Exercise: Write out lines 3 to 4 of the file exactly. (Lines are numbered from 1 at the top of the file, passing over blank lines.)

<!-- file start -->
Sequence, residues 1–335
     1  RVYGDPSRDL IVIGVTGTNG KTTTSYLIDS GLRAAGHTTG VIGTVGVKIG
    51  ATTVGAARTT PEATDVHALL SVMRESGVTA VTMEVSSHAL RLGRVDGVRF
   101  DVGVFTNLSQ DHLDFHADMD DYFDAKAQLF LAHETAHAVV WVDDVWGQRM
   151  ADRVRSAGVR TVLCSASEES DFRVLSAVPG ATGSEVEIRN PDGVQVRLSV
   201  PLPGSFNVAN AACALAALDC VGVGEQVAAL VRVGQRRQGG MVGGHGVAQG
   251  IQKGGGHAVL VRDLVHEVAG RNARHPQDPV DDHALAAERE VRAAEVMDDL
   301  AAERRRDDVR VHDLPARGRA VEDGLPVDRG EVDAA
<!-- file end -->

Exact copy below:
    51  ATTVGAARTT PEATDVHALL SVMRESGVTA VTMEVSSHAL RLGRVDGVRF
   101  DVGVFTNLSQ DHLDFHADMD DYFDAKAQLF LAHETAHAVV WVDDVWGQRM